Issue #191
Tickets, Please June 1, 2012

Max Warsh & Vanesa Zendejas (Exhibition view)

View Gallery

Putting Things Together

SOFA, Austin

Closed May 12
by Kyle Schlesinger

Few people have the imagination for reality.
— Goethe

SOFA’s two-person exhibition featuring Max Warsh’s pictures and Vanesa Zendejas’ sculptures in a repurposed home on Austin’s East Side was the most well-attended SOFA event to date. This may be attributed to the integrity of the work itself, as well as the momentum generated by its affiliation with the Fusebox Festival, but there’s a third element to consider: Katie Geha, SOFA’s curator, usually installs the work with the artist in her apartment. While maintaining the intimacy of SOFA’s usual domestic setting, with gallery goers gravitating towards the kitchen and living room, the Rosewood location made public access more viable than an apartment gallery could ever be, offering the sense of scale and collaboration between curator and artist SOFA enthusiasts have come to expect.

Three of Zendejas’ sculptures (or ‘objects’ as she calls them) were installed in the living and dining rooms, surrounded by six images by Warsh, who came in from New York for the exhibition . Two of Zendejas’ sculptures were positioned on pedestals, and the other, the largest of the three, was positioned directly on the floor. I’ve always had a hunch that somewhere, deep in the OED, there’s an etymological relationship between the German ‘bild’ (‘picture’ or ‘model’) and ‘builder’ (one who makes things). This word comes up a lot in the Tractatus Logico-Philosphicus when Ludwig Wittgenstein articulates his ‘picture theory,’ a way of thinking about the relationship between language and images and the reality they represent. One can say, ‘the book is on the table,’ and point to a series of relationships that do, or do not, exist in the world, offering a picture of reality, or what Wittgenstein called, Form der Abbildung. In a proposition like this, the picture is always more than the sum of its parts: the book and the table can both exist in and outside of logical space, but the relationship between the two is what makes the proposition ‘true’ or ‘not true.’ But what happens when pictures of reality do things that reality can’t? This is the question that brings Warsh’s photographic collages and Zendejas’ sculptures into dialogue with one another.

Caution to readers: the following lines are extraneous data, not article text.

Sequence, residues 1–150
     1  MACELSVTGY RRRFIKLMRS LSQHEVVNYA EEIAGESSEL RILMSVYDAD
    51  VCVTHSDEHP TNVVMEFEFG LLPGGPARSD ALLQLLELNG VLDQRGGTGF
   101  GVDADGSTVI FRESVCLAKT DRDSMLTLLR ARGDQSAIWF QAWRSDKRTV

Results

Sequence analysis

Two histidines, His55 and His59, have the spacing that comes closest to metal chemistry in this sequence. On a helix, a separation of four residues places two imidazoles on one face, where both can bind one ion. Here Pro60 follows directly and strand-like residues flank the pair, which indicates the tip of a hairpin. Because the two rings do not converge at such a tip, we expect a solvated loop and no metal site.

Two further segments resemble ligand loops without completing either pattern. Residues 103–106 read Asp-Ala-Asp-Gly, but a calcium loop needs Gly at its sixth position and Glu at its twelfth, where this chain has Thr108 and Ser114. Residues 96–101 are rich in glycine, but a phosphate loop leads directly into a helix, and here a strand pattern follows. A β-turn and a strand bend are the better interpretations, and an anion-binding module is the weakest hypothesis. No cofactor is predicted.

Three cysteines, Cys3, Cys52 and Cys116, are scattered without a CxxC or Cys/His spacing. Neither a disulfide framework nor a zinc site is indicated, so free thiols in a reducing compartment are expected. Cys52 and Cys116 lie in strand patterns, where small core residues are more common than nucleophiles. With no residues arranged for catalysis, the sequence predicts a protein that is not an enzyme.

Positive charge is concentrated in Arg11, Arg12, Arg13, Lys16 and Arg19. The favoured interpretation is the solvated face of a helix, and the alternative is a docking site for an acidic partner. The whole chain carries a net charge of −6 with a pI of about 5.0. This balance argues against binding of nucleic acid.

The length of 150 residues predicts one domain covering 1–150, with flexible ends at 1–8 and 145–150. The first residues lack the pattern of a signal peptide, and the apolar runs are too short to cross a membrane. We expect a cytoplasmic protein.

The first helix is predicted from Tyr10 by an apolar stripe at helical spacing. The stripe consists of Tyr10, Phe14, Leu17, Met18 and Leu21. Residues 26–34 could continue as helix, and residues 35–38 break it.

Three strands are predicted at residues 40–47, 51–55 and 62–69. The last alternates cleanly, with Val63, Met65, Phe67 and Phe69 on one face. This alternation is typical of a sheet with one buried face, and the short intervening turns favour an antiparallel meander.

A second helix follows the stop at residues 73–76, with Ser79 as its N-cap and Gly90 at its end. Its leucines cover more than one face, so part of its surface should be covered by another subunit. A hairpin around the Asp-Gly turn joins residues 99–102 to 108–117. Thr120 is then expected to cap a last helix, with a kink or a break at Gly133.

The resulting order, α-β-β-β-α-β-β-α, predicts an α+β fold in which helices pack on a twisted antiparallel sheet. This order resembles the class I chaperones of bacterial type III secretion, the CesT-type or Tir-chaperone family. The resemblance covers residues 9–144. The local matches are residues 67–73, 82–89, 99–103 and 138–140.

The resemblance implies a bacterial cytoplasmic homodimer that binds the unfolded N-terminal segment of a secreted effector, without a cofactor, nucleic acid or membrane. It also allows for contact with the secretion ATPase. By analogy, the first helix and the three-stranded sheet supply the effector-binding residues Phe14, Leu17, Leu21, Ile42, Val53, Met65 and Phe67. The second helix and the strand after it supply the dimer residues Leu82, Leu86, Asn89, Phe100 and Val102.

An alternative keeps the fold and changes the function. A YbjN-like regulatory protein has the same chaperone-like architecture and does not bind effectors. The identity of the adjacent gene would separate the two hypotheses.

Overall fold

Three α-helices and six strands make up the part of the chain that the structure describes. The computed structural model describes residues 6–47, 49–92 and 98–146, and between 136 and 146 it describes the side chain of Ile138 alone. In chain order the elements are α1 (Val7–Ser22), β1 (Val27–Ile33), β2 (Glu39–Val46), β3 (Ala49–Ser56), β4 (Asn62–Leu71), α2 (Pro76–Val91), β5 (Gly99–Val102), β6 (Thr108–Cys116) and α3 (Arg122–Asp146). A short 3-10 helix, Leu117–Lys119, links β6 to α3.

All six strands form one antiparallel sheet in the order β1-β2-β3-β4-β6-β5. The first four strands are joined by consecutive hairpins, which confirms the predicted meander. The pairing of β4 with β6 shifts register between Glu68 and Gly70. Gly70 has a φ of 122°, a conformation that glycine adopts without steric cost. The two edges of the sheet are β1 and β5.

Warsh’s collages are primarily made from digital photographs of façades taken by the artist. It is no surprise he has a background in architecture, and that for him, the history behind a building’s face suggests a lot about his immediate environment, the neighborhood and time. Patterns, materials and aesthetics of the urban (and occasionally rural) footpaths he knows are more than ornament or decoration, they are the juxtaposition of times and places, things and ideas, as previously imagined. And yet, the insistence on surface and the ever crucial edge in art and architecture is highly suggestive, sometimes astonishing in its ordinariness. The coexistence of periods and styles is fascinating in any city, and the combination of textures, colors and pattern is revealing. Typically working with three photographs at a time, the smooth forms result in clean, clutter-free, organic compositions where serendipitous intersections, as observed in the large, multi-panel, Jersey Barrier, take shape. In this relentlessly mediated world, it might be natural to assume that the pictures were created using image editing software, such as Photoshop, but curiously, the computer plays no role in the production of these images. The combination of scissors, paper and glue is not unlike the old adage that one, plus one, plus one, does not equal three. Warsh is a builder, one who puts things together, who allows us to ‘picture facts to ourselves.’

Kyle Schlesinger is a poet who writes and lectures on typography and artists’ books. His recent books of poetry include: Commonplace (Cuneiform, 2011); Bad Words to the Radio and Other Poems (Least Weasel, 2011); What You Will (NewLightsPress, 2011); Picture Day (Electio Editions, 2012); and Parts of Speech (Chax Press, 2012). He is proprietor of Cuneiform Press and co-director of the Graduate Program in Publishing at UHV.


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